Veteran's Day; Soldiers & Saints

Fr. Tim Vakoc, Military Chaplain, RIP A Hero is as a Hero Does Nice posts at Hot Air and at Deacon Greg's place and elsewhere, but I like this piece by Frank Weathers, because it reminds us that (as with this priest) soldiers and saints are sometimes one and the same: Martin of Tours by Charles L. O'Donnell "As I today was wayfaring"— Holy, Holy, Holy!—low— Said Christ in heaven's evening— The Holies yet more hushed and slow— "I met a knight upon the road; A plumed charger he … [Read more...]

"A Word in Season"

Ever have one of those moments, as you go through life, when someone comes along and says just the right word at the right time? It's usually when we needed it most! Or did you ever have a song play on the radio, or in the shuffle of the iTunes library, and you just knew that somehow that song was meant just for you? A moment of inspiration can make all the difference, for it contains a small blessing. Tucked deep in the Revised Standard Version translation of the Old Testament book of … [Read more...]

Parenting is daily catechetical ministry

In her excellent piece, on praying with children Kathy Coffey writes: Ever hear of an exercise class where you just talked about it? No coach would allow the idle chatter of “It’d be nice to stretch or do sit-ups.” The people who benefit from jogging do it regularly. So our children must see us making sense of our experience through the lens of prayer, trying to understand where God has been active, leaving an unmistakable but invisible imprint. Kathy is very right, of course. Our … [Read more...]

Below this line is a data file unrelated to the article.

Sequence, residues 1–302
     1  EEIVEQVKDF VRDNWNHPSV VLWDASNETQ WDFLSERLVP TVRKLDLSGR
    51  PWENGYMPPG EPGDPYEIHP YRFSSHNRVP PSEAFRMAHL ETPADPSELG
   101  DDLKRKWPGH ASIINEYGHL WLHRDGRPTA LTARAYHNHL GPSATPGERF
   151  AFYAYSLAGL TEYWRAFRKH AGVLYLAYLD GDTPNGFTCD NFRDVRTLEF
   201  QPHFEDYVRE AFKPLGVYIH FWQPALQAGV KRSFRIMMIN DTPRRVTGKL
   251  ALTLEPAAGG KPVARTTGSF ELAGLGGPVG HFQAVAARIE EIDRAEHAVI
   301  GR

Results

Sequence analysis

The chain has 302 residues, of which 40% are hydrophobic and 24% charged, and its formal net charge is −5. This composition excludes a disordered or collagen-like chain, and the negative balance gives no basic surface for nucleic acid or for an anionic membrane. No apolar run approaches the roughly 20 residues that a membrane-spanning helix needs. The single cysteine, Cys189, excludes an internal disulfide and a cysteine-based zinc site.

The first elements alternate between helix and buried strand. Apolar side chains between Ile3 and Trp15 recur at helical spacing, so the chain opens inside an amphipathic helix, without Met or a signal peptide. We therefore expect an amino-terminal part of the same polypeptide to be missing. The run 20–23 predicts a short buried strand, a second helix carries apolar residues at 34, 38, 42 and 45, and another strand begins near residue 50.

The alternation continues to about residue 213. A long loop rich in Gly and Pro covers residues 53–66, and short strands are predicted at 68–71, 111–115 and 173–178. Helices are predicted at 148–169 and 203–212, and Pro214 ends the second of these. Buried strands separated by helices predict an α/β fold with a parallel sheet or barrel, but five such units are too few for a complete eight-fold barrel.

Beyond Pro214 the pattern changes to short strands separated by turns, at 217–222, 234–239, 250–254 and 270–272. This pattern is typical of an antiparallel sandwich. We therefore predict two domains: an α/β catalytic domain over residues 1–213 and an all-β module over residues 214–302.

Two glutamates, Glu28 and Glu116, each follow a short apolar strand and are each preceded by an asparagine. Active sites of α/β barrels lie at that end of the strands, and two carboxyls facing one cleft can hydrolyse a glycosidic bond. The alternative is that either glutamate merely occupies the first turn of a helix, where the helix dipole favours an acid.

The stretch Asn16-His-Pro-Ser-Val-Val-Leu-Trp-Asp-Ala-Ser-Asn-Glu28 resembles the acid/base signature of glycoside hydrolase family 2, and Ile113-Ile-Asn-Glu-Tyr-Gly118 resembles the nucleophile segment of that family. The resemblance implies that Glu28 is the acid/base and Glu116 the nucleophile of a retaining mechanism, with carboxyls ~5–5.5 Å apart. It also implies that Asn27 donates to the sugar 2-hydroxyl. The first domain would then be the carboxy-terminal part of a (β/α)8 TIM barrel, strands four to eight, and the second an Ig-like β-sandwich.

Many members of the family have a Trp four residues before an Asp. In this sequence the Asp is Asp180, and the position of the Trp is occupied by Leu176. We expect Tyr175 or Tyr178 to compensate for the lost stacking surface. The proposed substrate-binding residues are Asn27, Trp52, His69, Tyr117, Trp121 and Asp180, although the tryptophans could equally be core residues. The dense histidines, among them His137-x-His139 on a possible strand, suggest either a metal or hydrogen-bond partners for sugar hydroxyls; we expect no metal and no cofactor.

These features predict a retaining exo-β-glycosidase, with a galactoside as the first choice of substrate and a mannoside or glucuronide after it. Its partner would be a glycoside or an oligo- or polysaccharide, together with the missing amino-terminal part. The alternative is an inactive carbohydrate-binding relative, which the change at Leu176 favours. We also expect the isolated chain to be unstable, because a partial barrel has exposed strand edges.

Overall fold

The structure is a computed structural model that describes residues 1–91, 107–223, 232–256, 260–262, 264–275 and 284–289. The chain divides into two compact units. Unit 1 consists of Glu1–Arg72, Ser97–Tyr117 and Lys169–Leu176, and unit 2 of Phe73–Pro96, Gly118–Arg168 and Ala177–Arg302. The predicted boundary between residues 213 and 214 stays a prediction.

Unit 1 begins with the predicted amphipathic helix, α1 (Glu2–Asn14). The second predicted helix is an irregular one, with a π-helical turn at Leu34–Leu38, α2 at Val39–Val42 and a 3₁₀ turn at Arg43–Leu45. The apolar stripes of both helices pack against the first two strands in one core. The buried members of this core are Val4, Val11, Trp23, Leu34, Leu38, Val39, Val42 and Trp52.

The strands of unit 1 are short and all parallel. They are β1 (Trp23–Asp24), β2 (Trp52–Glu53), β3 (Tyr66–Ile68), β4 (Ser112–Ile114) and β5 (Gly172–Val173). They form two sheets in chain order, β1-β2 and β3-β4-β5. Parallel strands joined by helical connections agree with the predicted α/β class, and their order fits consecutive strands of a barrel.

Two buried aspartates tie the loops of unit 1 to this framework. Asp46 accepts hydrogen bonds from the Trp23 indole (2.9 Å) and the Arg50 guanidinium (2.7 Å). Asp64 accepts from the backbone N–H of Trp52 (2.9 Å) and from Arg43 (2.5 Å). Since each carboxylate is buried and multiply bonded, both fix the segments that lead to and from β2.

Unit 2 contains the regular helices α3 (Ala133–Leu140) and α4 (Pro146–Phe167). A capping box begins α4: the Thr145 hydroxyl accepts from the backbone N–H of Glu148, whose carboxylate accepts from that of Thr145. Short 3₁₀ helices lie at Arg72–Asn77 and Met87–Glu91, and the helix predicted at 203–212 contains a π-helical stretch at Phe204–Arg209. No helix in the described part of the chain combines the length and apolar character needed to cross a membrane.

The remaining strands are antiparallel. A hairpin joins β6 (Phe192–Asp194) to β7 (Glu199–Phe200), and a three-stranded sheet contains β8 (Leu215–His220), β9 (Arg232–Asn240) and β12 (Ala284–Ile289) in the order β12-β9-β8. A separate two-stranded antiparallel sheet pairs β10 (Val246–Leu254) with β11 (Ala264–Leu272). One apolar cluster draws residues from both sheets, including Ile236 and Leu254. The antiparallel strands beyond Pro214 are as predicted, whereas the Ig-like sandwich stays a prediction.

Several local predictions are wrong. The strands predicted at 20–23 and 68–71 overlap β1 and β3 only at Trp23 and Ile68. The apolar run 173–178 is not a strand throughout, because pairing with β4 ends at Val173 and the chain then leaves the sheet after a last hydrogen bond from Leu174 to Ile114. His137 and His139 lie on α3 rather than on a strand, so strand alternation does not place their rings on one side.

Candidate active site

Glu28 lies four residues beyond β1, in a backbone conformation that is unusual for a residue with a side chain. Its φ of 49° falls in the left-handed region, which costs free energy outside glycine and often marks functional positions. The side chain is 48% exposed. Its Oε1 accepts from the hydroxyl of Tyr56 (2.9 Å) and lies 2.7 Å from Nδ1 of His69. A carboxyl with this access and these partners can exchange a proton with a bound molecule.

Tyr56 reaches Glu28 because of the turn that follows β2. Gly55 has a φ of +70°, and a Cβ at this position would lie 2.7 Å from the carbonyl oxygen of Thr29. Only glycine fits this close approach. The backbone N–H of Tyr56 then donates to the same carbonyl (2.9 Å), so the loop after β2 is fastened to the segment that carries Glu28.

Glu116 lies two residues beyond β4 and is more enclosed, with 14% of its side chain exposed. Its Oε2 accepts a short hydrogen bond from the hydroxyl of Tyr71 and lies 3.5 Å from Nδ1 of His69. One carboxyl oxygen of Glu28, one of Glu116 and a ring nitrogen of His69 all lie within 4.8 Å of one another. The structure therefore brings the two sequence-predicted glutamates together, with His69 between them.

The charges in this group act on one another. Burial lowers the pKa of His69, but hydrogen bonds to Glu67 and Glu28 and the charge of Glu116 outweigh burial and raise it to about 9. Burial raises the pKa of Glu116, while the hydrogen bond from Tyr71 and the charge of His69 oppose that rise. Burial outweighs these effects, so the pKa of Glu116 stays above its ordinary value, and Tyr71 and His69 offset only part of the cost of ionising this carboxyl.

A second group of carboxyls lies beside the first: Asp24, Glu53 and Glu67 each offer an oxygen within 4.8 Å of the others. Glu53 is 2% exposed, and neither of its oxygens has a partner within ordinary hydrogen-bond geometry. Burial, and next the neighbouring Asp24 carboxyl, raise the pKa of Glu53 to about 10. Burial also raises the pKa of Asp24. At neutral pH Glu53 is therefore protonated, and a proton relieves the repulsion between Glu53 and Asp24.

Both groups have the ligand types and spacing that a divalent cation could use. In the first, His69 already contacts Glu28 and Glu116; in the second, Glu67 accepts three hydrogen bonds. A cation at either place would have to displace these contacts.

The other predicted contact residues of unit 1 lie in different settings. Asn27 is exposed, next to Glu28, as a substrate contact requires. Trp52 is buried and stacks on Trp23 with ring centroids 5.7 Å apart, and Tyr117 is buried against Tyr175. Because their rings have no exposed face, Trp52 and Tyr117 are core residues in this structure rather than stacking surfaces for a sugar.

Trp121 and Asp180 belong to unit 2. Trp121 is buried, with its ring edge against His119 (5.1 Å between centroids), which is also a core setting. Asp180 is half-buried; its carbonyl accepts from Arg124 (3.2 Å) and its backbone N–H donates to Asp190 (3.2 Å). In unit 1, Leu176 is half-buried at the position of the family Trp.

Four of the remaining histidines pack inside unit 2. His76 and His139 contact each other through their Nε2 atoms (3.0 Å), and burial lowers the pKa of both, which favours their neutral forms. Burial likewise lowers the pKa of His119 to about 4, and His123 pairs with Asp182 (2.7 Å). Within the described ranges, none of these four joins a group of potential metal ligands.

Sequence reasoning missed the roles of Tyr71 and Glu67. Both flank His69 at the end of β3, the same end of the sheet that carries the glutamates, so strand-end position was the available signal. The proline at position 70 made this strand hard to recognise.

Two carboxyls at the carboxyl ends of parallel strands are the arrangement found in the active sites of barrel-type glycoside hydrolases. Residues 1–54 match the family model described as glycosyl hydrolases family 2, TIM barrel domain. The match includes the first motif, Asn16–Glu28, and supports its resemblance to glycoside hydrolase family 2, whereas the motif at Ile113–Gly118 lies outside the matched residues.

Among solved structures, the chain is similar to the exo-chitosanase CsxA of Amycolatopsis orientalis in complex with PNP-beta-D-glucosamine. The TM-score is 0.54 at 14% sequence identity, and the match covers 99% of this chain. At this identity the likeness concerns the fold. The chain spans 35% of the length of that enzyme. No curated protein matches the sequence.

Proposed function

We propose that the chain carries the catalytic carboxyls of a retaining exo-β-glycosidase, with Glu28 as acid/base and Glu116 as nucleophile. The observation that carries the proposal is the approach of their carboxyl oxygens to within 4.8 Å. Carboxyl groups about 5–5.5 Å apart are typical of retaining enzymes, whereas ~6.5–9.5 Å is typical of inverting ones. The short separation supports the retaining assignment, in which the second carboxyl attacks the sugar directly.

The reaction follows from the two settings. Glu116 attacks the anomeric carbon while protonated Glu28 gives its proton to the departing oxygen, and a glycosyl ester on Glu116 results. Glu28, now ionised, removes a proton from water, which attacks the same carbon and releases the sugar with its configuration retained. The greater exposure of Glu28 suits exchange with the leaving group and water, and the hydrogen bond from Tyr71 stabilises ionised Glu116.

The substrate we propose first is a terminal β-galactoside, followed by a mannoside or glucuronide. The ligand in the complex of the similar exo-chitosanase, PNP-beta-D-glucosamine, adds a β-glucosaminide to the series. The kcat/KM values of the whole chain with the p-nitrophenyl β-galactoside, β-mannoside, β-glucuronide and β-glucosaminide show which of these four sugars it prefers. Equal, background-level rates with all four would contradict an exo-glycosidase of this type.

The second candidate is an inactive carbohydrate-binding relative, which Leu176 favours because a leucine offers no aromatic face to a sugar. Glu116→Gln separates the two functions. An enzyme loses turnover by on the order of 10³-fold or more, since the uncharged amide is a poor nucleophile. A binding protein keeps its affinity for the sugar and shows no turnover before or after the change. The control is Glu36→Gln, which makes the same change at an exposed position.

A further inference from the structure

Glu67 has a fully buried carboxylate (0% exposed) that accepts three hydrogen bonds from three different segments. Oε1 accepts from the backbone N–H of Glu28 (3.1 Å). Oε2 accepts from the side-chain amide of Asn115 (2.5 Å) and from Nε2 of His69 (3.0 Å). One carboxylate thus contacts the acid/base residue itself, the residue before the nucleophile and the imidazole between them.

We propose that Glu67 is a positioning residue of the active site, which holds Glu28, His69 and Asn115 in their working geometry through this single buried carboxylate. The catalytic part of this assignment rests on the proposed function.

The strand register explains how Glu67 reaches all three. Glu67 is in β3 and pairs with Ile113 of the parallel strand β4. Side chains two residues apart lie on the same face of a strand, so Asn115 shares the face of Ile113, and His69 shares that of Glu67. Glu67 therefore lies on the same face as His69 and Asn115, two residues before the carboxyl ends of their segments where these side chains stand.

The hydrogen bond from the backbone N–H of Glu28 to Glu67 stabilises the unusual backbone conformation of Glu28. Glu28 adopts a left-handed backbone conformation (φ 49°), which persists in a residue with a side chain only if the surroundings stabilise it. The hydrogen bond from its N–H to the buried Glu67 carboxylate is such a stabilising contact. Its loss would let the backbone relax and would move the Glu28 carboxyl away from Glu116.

St. Leo the Great, Attila & Children of Men

One of my favorite saints and favorite popes, today we remember Pope St. Leo the Great, whose homily excerpts in the Divine Office never fail to stir me: For there are two loves from which proceed all wishes, as different in quality as they are different in their sources. For the reasonable soul, which cannot exist without love, is the lover either of God or the world. In the love of God there is no excess, but in the love of the world all is hurtful. And therefore we must cling inseparably to … [Read more...]

The Fire of Pain and Pride

Take a moment to read Thomas L. McDonald's insightful and humble piece on how he heard God speak to his heart and soul. There are Christians who seem to believe that God only speaks through words. This is a rather puzzling and limiting idea for a creator who gave us five senses plus an imagination and intellect. God spoke through Mozart and Bach, through Caravaggio and Monet, through Shakespeare and John Donne, through St. Thomas Aquinas and Pope John Paul II. He speaks in many languages: … [Read more...]